• $\begingroup$ @Ian: In other words: this answer was a bit misleading (but that didn't stop you from accepting it as valid answer). $\endgroup$ – slimton Oct 15 '10 at 19:12
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It depends on the answer. If the algorithm created has running time $(d n)^{Ackerman(10000)}$, then it would have very little impact. On the other hand, if it leads to a new way to solve LPs it might have tremendous impact. For example, if I remember the history correctly (and I might be completely wrong) the ellipsoid algorithm for example, besides its theoretical significance, lead (?) to the development of the interior point method, which was faster in some cases than the simplex algorithm. This lead to significant speedup in practice, as both approaches were squeezed for the maximum limit of what can be done.

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    $\begingroup$ But these conditions hold for pretty much any theoretical result: it may or may not be useful depending on the runtime, and the techniques/ideas in the result may lead to future advances. $\endgroup$ – Ian Oct 13 '10 at 20:42
  • $\begingroup$ Not really. If some form of the Hirsch conjecture is true, and the proof is constructive, then it would almost surely lead to faster solvers for LP. In short, if the question is specific then its implications are clear, and if the question is wide then it might lead to nothing. Or putting it differently, the only sure consequence of polynomial time algorithm for LP is that we would understand the problem better than we do now. $\endgroup$ – Sariel Har-Peled Oct 13 '10 at 21:17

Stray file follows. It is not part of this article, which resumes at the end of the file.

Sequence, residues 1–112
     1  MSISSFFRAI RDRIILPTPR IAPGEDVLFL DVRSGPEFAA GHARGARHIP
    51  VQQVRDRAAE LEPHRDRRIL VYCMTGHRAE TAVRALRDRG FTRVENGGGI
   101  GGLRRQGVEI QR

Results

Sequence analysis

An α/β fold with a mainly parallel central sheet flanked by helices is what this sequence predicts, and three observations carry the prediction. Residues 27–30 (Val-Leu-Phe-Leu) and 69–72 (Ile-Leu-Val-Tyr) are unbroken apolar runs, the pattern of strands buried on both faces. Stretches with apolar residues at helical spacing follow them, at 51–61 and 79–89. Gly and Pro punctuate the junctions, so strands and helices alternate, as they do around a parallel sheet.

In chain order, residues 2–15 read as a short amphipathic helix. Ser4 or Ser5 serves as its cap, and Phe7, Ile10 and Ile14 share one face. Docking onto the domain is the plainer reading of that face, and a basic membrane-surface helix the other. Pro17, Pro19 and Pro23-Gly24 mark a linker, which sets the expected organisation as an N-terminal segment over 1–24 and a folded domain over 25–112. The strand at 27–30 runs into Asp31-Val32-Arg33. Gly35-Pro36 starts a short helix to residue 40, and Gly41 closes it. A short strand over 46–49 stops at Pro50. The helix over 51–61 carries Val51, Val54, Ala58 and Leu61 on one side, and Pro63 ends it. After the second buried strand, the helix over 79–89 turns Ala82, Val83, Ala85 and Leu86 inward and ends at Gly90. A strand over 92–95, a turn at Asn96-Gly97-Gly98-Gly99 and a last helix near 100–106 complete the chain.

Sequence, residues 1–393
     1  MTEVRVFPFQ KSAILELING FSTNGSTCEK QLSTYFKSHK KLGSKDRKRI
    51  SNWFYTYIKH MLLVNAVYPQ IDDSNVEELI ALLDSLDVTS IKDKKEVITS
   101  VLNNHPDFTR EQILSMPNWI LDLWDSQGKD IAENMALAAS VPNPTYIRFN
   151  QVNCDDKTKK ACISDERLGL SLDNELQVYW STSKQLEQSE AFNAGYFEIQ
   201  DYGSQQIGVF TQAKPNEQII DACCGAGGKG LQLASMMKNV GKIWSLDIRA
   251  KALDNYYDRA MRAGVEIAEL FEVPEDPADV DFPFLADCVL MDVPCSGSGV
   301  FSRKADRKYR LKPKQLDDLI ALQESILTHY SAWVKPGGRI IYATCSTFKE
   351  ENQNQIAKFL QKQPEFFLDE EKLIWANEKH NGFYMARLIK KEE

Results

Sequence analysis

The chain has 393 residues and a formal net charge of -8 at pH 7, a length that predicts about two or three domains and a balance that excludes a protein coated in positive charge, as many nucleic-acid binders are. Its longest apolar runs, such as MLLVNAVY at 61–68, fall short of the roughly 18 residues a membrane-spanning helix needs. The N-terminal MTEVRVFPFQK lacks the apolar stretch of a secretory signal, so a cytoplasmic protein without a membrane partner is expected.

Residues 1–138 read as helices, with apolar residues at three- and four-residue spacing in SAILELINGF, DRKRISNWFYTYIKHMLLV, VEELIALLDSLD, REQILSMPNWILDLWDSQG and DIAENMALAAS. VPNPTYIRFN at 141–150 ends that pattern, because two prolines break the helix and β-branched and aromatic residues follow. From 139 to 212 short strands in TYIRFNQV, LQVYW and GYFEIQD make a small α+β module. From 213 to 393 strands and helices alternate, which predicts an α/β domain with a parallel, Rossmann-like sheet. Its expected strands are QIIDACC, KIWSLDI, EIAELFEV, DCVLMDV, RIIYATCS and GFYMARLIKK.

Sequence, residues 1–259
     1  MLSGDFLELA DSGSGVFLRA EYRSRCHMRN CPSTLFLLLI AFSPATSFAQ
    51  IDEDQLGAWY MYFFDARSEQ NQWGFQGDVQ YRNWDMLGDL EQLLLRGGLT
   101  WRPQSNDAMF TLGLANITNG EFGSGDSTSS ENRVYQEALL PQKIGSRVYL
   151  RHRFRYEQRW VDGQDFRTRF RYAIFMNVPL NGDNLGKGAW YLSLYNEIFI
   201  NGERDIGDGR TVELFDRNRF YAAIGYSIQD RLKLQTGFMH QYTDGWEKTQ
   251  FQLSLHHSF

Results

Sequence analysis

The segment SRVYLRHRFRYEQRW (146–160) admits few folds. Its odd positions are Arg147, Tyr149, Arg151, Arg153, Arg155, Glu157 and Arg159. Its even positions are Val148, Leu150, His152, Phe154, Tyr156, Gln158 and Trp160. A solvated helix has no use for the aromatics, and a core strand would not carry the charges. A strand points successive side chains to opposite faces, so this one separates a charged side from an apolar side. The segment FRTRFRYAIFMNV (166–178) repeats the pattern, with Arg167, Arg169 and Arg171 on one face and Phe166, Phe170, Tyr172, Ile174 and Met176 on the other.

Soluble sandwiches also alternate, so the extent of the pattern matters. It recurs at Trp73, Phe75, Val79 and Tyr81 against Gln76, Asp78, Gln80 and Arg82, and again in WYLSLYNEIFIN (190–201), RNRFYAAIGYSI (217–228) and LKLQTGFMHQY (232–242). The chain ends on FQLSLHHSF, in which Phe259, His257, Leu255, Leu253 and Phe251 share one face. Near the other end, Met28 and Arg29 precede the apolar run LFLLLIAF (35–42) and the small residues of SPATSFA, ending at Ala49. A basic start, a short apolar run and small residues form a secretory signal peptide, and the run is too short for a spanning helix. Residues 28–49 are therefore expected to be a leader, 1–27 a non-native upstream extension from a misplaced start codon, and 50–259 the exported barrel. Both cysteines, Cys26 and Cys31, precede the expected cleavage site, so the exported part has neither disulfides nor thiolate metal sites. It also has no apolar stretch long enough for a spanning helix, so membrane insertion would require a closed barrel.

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Here is one consequence for geometry : A strongly-polynomial bound for any variant (randomized or deterministic) of simplex algorithm implies a polynomial bound on the diameter of any polytope graph. This implies that the "polynomial version" of Hirsch conjecture is true.

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    $\begingroup$ but there's no reason to believe that a strongly polynomial time algorithm for LPs has to go via the simplex method. The best known methods thus far (subexponential) use a random samping+recursion strategy. $\endgroup$ – Suresh Venkat Oct 13 '10 at 2:08
  • $\begingroup$ Oops. I missed the point. $\endgroup$ – Shiva Kintali Oct 13 '10 at 2:13
  • $\begingroup$ This only holds if simplex is strongly polynomial. I'm looking for results that hold more generally. It could be that the polynomial Hirsch conjecture is false but another algorithm is strongly polynomial, or that the polynomial Hirsch conjecture is true but simplex is exponential because it cannot find a short path in polynomial time. $\endgroup$ – Ian Oct 13 '10 at 2:31
  • $\begingroup$ @Suresh: Actually, I'm pretty sure the subexponential random sampling + recursion strategy you mention (Clarkson-Matoušek-Sharir-Welzl/Kalai, right?) is a dual simplex algorithm. (But this doesn't contradict your point.) $\endgroup$ – Jeffε Oct 13 '10 at 3:24
  • $\begingroup$ oh wait. Didn't Michael Goldwasser work that out a long time ago in a SIGACT article ? Hmm. now I need to go and dig. $\endgroup$ – Suresh Venkat Oct 13 '10 at 3:43